Plaintiff was thirty-eight years of age as of her alleged disability onset date. (PageID.100-101.) She previously obtained a GED and has been employed as a quality monitor and as a hand packer. (PageID.90-91, 212.) Plaintiff applied for benefits on May 29, 2014, alleging disability beginning May 6, 2014, due to s/p bilateral hip replacement causing pain, numbness, and stiffness; bulging discs and mild scoliosis causing lower back pain; shoulder arthritis causing shoulder pain and burning; pain leading to poor sleep and poor memory; a thyroid disorder; a learning disorder; and migraines. (PageID.100-101, 192-195.) Plaintiff's application was denied on November 3, 2014, after which time Plaintiff requested a hearing before an ALJ. (PageID.116-126.) On March 11, 2015, Plaintiff appeared with her counsel before ALJ David S. Pang for an administrative hearing at which time both Plaintiff and a vocational expert (VE) testified. (PageID.66-98.) On June 25, 2015, the ALJ issued his written decision which concluded that Plaintiff was not disabled. (PageID.48-65.) On May 7, 2016, the Appeals Council declined to review the ALJ's decision, making it the Commissioner's final decision in the matter. (PageID.30-35.) Plaintiff subsequently initiated this action under 42 U.S.C. § 405(g).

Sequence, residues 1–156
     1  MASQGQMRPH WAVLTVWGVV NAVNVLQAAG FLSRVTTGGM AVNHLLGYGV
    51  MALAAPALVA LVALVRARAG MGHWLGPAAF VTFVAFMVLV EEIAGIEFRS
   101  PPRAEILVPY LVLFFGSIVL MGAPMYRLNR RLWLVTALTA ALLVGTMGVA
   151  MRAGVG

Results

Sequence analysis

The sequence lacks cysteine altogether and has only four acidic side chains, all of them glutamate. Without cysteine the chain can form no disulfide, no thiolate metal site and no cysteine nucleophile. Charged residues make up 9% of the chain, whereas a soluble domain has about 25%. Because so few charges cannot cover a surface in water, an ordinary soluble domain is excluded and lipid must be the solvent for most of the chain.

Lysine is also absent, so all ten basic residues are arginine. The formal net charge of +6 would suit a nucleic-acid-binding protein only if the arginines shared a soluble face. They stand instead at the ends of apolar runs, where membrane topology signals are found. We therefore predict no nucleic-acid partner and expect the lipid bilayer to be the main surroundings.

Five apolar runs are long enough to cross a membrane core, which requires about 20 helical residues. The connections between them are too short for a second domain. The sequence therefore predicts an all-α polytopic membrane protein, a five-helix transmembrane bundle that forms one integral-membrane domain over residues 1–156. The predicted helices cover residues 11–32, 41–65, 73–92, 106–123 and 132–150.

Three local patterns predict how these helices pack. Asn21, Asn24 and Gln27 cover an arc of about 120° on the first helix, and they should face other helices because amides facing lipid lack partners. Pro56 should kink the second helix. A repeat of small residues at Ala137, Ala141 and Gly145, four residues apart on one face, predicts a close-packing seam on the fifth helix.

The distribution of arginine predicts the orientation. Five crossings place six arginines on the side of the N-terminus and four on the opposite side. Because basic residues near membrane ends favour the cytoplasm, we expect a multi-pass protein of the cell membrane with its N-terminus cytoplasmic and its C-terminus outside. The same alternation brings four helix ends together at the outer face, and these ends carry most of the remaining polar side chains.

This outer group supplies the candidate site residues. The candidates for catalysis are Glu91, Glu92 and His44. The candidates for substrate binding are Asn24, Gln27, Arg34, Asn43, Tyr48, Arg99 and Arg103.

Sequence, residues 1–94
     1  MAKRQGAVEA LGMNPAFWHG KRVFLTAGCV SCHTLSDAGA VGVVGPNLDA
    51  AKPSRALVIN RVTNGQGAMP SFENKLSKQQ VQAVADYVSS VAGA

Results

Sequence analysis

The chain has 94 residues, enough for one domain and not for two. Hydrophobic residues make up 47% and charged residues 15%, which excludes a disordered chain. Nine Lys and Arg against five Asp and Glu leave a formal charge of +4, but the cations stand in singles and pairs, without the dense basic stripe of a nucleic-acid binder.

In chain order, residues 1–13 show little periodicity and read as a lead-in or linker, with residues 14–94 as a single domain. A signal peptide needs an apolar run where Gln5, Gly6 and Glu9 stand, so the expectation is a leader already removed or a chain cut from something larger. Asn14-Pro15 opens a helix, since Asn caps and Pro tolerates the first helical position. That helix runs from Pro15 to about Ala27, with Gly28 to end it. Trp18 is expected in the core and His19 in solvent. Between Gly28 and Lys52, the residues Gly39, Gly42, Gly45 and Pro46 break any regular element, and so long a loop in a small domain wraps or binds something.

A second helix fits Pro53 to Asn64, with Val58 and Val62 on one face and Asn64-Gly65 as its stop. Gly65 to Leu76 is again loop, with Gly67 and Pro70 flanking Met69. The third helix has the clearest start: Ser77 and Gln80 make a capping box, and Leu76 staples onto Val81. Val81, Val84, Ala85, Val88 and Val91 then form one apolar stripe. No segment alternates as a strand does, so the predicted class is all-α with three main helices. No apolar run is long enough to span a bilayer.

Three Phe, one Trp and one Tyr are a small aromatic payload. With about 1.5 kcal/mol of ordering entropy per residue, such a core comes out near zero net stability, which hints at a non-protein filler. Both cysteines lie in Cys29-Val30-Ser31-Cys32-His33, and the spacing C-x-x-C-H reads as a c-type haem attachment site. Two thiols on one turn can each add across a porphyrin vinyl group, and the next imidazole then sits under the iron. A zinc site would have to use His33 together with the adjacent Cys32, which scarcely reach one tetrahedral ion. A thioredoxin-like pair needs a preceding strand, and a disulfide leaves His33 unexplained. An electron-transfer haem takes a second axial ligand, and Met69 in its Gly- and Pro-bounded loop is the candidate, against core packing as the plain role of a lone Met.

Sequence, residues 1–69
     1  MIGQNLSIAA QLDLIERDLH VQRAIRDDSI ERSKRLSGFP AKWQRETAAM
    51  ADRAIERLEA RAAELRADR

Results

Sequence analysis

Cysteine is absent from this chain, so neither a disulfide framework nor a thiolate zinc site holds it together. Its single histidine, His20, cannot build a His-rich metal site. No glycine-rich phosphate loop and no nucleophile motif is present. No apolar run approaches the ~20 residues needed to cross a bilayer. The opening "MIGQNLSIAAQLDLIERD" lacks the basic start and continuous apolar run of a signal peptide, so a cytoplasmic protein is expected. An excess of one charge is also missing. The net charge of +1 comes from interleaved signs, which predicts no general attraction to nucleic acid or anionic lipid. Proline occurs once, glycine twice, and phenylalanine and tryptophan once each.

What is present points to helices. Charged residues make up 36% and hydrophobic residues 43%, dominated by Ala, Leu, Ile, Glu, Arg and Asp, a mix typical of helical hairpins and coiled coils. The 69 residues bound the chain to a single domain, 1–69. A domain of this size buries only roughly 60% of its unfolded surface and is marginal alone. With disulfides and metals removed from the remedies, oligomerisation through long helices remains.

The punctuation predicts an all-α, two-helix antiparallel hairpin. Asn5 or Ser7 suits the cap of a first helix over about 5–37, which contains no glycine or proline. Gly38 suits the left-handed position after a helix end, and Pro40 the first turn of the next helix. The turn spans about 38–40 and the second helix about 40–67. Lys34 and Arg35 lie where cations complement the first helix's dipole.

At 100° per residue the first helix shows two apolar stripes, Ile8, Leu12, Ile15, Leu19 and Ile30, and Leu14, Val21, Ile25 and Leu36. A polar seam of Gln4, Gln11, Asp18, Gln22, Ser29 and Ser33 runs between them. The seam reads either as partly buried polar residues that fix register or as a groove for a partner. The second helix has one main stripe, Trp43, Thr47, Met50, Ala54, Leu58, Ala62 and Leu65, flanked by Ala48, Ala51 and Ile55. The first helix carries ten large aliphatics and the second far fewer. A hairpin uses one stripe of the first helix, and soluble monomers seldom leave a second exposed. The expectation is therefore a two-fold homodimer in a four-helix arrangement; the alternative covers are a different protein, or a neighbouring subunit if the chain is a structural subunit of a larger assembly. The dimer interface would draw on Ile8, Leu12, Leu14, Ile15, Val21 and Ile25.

The social security regulations articulate a five-step sequential process for evaluating disability. See 20 C.F.R. § 404.1520(a-f).[1] If the Commissioner can make a dispositive finding at any point in the review, no further finding is required. See 20 C.F.R. § 404.1520(a). The regulations also provide that if a claimant suffers from a nonexertional impairment as well as an exertional impairment, both are considered in determining the claimant's residual functional capacity (RFC). See 20 C.F.R. § 404.1545.

         Plaintiff has the burden of proving the existence and severity of limitations caused by her impairments and that she is precluded from performing past relevant work through step four. Jones v. Comm'r of Soc. Sec., 336 F.3d 469, 474 (6th Cir. 2003). At step five, it is the Commissioner's burden “to identify a significant number of jobs in the economy that accommodate the claimant's residual functional capacity (determined at step four) and vocational profile.” Id.